In A First, China To Launch Probe To Collect Samples From Moon's Far Side

China will launch a probe, Chang'e-6, to collect samples from the far side of the Moon, a world first as Beijing pushes ahead with an ambitious programme that aims to send a crewed lunar mission by 2030.

May 3, 2024 - 13:30
In A First, China To Launch Probe To Collect Samples From Moon's Far Side

China is set Friday to launch a probe to collect samples from the far side of the Moon, a world first as Beijing pushes ahead with an ambitious programme that aims to send a crewed lunar mission by 2030.

A rocket carrying the Chang'e-6 lunar probe is scheduled to blast off from the Wenchang Space Launch Center in southern China's Hainan province just before 5:30 pm (0930 GMT), officials have said.

It is the latest leap for China's ambitious space programme, which Washington has warned is being used to mask military objectives and an effort to establish extraterrestrial dominance.

The Chang'e-6 aims to collect around two kilograms of lunar samples from the far side of the Moon and bring them back to Earth for analysis.

It is a technically complex 53-day mission that will also see it attempt an unprecedented launch from the side of the Moon that always faces away from Earth.

"Chang'e-6 will collect samples from the far side of the Moon for the first time," Ge Ping, vice director of China's Lunar Exploration and Space Engineering Center, told journalists.

The probe is set to land in the immense South Pole-Aitken Basin, one of the largest known impact craters in the solar system.

Once there, it will scoop up lunar soil and rocks, and carry out other experiments in the landing zone.

It must then lift off from the Moon's surface and retrace its steps back home.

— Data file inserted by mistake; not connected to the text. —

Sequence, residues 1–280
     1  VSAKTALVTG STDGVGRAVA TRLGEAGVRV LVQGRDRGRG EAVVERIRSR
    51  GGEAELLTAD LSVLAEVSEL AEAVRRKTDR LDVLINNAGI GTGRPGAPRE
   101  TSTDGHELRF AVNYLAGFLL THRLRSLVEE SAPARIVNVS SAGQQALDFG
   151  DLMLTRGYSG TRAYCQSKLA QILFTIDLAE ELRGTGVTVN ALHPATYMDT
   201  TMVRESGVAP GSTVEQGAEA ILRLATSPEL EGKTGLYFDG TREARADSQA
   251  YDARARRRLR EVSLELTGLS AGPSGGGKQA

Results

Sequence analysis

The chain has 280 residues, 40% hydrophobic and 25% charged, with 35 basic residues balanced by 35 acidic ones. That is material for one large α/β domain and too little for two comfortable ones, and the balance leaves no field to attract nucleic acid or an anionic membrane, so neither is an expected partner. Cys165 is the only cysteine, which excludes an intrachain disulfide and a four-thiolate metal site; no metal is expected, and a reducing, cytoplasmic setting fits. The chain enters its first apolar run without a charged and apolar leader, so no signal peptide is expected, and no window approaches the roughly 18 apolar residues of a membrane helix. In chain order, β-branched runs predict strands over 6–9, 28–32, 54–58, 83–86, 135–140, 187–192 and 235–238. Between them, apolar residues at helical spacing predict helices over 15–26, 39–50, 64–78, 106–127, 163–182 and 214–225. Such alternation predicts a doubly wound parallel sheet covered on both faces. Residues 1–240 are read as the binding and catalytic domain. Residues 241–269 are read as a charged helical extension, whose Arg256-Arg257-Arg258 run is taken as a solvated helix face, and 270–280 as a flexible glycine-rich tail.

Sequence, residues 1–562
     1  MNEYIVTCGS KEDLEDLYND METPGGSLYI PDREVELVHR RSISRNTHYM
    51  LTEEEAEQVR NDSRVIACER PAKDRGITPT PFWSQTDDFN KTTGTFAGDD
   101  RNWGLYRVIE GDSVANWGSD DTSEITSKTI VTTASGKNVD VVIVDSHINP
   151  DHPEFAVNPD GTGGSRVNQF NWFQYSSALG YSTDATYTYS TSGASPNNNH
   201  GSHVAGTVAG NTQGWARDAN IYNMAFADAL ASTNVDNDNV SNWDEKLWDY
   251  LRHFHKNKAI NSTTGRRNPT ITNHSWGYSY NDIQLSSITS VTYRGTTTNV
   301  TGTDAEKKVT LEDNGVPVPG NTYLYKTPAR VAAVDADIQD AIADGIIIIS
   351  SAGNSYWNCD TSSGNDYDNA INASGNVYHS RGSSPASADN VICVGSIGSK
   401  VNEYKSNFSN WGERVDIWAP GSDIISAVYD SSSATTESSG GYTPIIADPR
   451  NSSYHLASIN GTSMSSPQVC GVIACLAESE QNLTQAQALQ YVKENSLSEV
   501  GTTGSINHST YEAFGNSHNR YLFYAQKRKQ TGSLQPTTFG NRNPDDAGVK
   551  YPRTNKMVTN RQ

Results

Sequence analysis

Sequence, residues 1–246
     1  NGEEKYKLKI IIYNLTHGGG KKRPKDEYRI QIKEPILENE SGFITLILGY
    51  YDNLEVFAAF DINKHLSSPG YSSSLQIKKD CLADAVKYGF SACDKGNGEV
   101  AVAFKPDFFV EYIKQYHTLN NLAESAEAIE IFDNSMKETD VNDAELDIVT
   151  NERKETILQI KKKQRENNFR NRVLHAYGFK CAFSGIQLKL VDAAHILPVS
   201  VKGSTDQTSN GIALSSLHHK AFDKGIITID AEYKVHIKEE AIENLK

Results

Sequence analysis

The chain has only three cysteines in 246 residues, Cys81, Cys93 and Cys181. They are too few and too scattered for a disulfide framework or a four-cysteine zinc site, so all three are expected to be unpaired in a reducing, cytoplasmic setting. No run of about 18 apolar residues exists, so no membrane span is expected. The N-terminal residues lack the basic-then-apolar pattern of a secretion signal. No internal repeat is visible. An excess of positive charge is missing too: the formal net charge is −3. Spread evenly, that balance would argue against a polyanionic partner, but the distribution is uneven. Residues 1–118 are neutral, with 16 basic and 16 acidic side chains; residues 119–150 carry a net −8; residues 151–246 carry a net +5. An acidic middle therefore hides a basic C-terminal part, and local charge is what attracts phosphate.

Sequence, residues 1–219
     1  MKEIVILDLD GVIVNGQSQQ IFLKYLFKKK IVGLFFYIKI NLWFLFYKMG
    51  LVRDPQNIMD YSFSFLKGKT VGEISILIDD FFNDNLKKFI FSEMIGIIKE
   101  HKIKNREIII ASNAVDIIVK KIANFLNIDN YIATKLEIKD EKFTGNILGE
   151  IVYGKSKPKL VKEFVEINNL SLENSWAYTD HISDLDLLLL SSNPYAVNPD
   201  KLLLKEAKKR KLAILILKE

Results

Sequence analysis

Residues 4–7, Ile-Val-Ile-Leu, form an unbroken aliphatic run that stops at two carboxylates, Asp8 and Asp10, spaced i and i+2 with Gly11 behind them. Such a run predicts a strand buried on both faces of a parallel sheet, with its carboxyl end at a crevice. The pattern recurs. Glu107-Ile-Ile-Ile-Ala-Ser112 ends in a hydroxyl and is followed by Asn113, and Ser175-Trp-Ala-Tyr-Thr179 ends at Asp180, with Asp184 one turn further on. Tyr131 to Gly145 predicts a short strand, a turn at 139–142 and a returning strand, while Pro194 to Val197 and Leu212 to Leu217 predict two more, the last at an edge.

Space dream

Plans for China's "space dream" have been put into overdrive under President Xi Jinping.

Beijing has ploughed huge resources into its space programme over the last decade, targeting a string of ambitious undertakings in an effort to close the gap with the two traditional space powers -- the United States and Russia.

The country has notched several notable achievements, including building a space station called Tiangong, or "heavenly palace", to which it sent a fresh crew of three astronauts last month.

Beijing has landed robotic rovers on Mars and the Moon, making China only the third country to put humans in orbit independently.

China aims to send a crewed mission to the Moon by 2030 and plans to build a base on the lunar surface.

The United States is also planning to put astronauts back on the Moon by 2026 with its Artemis 3 mission.

The rapid advance of China's space programme has raised alarm bells in Washington, with the head of NASA warning last month that the US was now in a "race" against Beijing.

"We believe that a lot of their so-called civilian space program is a military program," NASA administrator Bill Nelson told lawmakers on Capitol Hill.

Dark side of the Moon

Chang'e-6 is the first of three high-wire uncrewed missions to the Moon planned by China this decade.

Its successor, Chang'e-7, will scour the lunar south pole for water, while Chang'e-8 will attempt to establish the technical feasibility of building a planned base, known as the International Lunar Research Station, with Beijing saying a "basic model" will be completed by 2030.

Scientists say the Moon's dark side -- so-called because it is invisible from Earth, not because it never catches the sun's rays -- holds great promise for research as its craters are less covered by ancient lava flows than the near side.

That might mean it is more possible to collect material that sheds light on how the Moon formed in the first place.

"The samples collected by Chang'e-6 will have a geological age of approximately 4 billion years," Ge said.

"Collecting lunar samples from different regions and geological ages, and conducting experiments is of great value and significance for humanity."

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